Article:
Secretary Clinton had one of her best nights so far. She knows she is on the defensive when it comes to her ties to Wall Street, and she pushed back hard, calling on Sanders to “end the artful smear” that her views and her votes were bought and paid for. Some in the audience booed but, frankly, I think the line worked very well in pointing out that Sanders is a pol, not a saint, and of course he has been casting innuendoes her way. More importantly, she showed her strongest character trait, her toughness and combativeness. She wasn’t going to take his charge lying down. It was tense on the stage, but if that exchange had been a skating competition, she would have won the technical difficulty category and he would have won on style points. Indeed, when Sanders next took the microphone, he did not go after Clinton directly, a clear sign that she won the moment if not the message.
Clinton’s weaknesses were also apparent. She continually runs to “I have a plan” language that her team thinks works, but it didn’t work in 2008 and I am not sure it works now. When she said “we have a vigorous agreement here” she sounded thoroughly inauthentic. She did a poor job explaining her flip-flop on the Trans-Pacific Trade deal, failing to mention a single item in the final agreement that might have tipped the balance and caused her to oppose it. Most unbelievably, having been asked about the speaking fees she received from Goldman Sachs the night before at a CNN town hall, she and her team failed to come up with a good answer. They had twenty-four hours. I would have at least used the old Billy Sunday line, “The Devil has had that money long enough.” But, really, she needs to acknowledge that speaking fees are obscene for people of her stature, and admit that this is precisely the kind of obscenity that makes people think she does not understand or care about their situation.
This leads to my last point. At the CNN town hall on Wednesday, Mrs. Clinton had a truly authentic moment when she acknowledged that politics is work for her and compared herself in this regard to her husband “who was such a natural.” Indeed he was a natural. He may or may not have cared about the fates of the people he encountered, but he made them feel that he did. She lacks his virtuosity in this regard, as do most politicians. If I had been coaching her for last night’s debate, I would have combined the two items, the speaking fees and her lack of natural gifts, and face the unreality of political life head on. “Look,” she might have said, “It is crazy that companies and organizations pay people like me such exorbitant speaking fees. But, it is all part of the craziness of politics in a media age. I care just as much about working class families as my husband did, but he had a knack for 'feeling people’s pain' in public in a way that I don’t. I feel the pain too. Many nights, at the kitchen table in Arkansas and then at the White House, we should share stories about the plight of the people we had met that day. But, Bill could demonstrate empathy in public and on cue in a way most of us can’t. I don’t think that makes him a better person or a better president, but it sure made him a better politician. So, there is a lot about our lives in this political life that is strange for most people.”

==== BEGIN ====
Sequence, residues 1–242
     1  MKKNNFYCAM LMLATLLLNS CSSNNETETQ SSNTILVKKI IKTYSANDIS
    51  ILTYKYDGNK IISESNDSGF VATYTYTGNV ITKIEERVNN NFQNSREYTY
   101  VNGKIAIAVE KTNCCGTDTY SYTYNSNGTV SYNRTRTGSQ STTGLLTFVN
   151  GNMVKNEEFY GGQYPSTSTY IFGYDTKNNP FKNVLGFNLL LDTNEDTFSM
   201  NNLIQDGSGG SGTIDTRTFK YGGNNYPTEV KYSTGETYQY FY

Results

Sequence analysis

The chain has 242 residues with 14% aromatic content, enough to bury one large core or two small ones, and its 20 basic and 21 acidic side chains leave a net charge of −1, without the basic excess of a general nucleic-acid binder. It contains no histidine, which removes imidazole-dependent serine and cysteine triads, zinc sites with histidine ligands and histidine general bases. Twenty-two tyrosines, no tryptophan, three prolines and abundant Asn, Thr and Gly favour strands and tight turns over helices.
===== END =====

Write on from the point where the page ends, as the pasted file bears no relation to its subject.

I will discuss this later next week, when we have the results from New Hampshire. But, Clinton seems to me to be making a virtue of necessity, admitting that she is prosaic and making the case that we need a prosaic president. Sanders continues to inspire but Democrats were inspired by Obama in 2008 and even with a Democratic House and a filibuster-proof majority in the Senate, he could not pass some of the things Sanders thinks he can accomplish. Inspiration only gets you so far seems to be the Clinton campaign theme, and there is no telling if it will work, but it is the truth, and Democrats are well advised to acknowledge it sooner rather than later.